Q 1. How do I purchase a government property?
When Infrastructure Ontario (IO) declares publicly-owned assets surplus, it's done in an open and competitive manner to ensure fairness and the best price for taxpayers. Although many properties may appear vacant and/or saleable, this is not necessarily the case. The property in question may be in-use for the delivery of government programs and services and as a result will not be listed for sale. Infrastructure Ontario is continually reviewing its portfolio to consider rationalization or sale of unused or underutilized assets to generate revenue and obtain savings. Any property within the Infrastructure Ontario portfolio that is no longer required for the delivery of government programs or services are circulated to provincial, federal and municipal levels of government, government agencies, and not-for-profit entities, to determine interest in acquiring the property for continued public use. If any of these bodies express an interest in the property, the property may be sold directly to them at market value without exposing it to the open market. If a property is no longer required by the province and no other government bodies express an interest in acquiring it, the property may go to the open market. IO follows a disposition process that includes circulation and due diligence (such as a Class Environmental Assessment, surveys and appraisals). This process could take at least a year to complete. Once this due diligence has been completed, and if the circulation has received no expressed government, agency or not-for-profit interest in the property, it would normally be IO’s process to engage a broker and put the site up for sale to the public at fair market value. Search properties available for sale to the public.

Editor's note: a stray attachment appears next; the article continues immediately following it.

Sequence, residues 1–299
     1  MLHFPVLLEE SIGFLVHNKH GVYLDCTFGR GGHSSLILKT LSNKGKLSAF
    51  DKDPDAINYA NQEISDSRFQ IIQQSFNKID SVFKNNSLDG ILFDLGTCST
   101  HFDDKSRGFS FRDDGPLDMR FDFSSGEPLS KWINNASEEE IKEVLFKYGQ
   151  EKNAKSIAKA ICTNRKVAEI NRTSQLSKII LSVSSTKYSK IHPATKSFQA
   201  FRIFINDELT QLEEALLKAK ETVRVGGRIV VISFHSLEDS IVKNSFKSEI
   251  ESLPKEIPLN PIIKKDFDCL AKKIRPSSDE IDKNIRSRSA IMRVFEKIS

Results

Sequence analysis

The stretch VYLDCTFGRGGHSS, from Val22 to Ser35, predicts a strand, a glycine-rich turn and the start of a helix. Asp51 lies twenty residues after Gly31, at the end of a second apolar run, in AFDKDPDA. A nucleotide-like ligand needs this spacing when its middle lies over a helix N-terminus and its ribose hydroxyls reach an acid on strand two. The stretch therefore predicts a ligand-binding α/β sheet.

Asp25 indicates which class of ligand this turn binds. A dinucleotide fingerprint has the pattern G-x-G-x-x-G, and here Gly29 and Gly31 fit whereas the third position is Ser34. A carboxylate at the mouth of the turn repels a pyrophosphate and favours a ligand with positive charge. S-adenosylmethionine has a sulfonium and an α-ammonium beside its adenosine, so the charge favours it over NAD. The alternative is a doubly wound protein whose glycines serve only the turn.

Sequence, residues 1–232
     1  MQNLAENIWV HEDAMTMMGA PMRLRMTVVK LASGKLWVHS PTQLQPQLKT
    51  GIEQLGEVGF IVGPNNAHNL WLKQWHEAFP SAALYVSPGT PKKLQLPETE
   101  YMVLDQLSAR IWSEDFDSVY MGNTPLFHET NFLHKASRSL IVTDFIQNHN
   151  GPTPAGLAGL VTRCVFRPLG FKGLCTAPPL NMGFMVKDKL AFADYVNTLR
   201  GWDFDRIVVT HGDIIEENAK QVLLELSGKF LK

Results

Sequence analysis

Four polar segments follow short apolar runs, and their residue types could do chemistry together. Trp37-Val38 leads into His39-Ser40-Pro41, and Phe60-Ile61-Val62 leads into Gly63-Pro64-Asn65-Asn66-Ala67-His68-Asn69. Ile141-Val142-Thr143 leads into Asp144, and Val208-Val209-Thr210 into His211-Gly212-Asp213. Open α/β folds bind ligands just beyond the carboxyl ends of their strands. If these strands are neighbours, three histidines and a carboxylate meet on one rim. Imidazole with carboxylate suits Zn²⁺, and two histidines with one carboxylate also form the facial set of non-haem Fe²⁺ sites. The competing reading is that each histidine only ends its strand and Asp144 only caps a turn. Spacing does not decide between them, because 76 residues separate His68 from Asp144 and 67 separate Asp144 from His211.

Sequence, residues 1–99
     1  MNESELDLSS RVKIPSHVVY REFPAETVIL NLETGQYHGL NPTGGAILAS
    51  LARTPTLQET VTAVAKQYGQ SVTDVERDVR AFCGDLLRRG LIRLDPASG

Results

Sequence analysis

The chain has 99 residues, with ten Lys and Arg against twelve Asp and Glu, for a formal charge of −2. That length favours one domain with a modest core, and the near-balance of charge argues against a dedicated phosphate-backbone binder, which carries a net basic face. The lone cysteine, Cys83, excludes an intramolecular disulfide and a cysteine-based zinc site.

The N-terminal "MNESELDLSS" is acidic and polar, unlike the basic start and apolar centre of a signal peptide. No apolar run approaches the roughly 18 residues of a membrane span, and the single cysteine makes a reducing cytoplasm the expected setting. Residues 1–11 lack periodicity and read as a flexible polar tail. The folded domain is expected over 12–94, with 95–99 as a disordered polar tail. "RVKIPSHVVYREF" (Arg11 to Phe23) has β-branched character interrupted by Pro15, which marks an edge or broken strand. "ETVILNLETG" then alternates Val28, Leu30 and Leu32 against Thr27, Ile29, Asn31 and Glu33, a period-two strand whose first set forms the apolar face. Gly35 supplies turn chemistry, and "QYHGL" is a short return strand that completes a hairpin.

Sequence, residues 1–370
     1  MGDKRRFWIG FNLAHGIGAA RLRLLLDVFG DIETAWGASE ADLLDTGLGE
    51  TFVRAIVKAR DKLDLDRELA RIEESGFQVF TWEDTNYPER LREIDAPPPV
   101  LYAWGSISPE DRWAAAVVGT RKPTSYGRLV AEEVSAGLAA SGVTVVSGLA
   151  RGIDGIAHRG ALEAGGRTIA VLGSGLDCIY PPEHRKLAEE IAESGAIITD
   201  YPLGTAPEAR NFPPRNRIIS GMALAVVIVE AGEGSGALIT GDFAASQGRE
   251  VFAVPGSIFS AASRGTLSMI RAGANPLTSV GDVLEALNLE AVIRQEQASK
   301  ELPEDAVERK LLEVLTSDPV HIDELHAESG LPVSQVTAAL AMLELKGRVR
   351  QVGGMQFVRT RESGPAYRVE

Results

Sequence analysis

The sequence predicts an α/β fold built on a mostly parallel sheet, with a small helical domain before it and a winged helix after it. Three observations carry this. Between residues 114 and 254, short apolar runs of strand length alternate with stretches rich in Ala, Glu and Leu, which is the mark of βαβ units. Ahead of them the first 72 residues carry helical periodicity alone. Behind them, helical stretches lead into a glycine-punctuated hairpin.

Q 2. How does the Government lease space?
When space is required for government programs, IO undertakes a competitive process to achieve value for money for taxpayers. A cost/benefit analysis of possible sites is done, usually through a real estate broker, and accommodation is normally obtained through a negotiated lease.
Q 3. How can I determine who owns a particular piece of land?
Please contact your local Land Registry Office.
Q 4. What responsibility does IO have with Hydro Corridors?
The first priority for these lands is the safe, reliable transmission of electricity but the government believes the lands can benefit the people of Ontario in other ways. Hydro transmission lands make great spaces for parks and trails, farming and road crossings as well as water and sewer pipelines – and these secondary uses don’t interfere with the transmission of electricity. The Ontario government has a plan to make sure these lands continue to be put to the best use possible. It’s on this basis that the government evaluates secondary-use applications for these lands. The rent for public and private uses will generally be calculated at market value. Learn more about the management of Hydro Corridor Lands and the Provincial Secondary Land Use Program.
This site is maintained by Infrastructure Ontario, a Government of Ontario crown agency.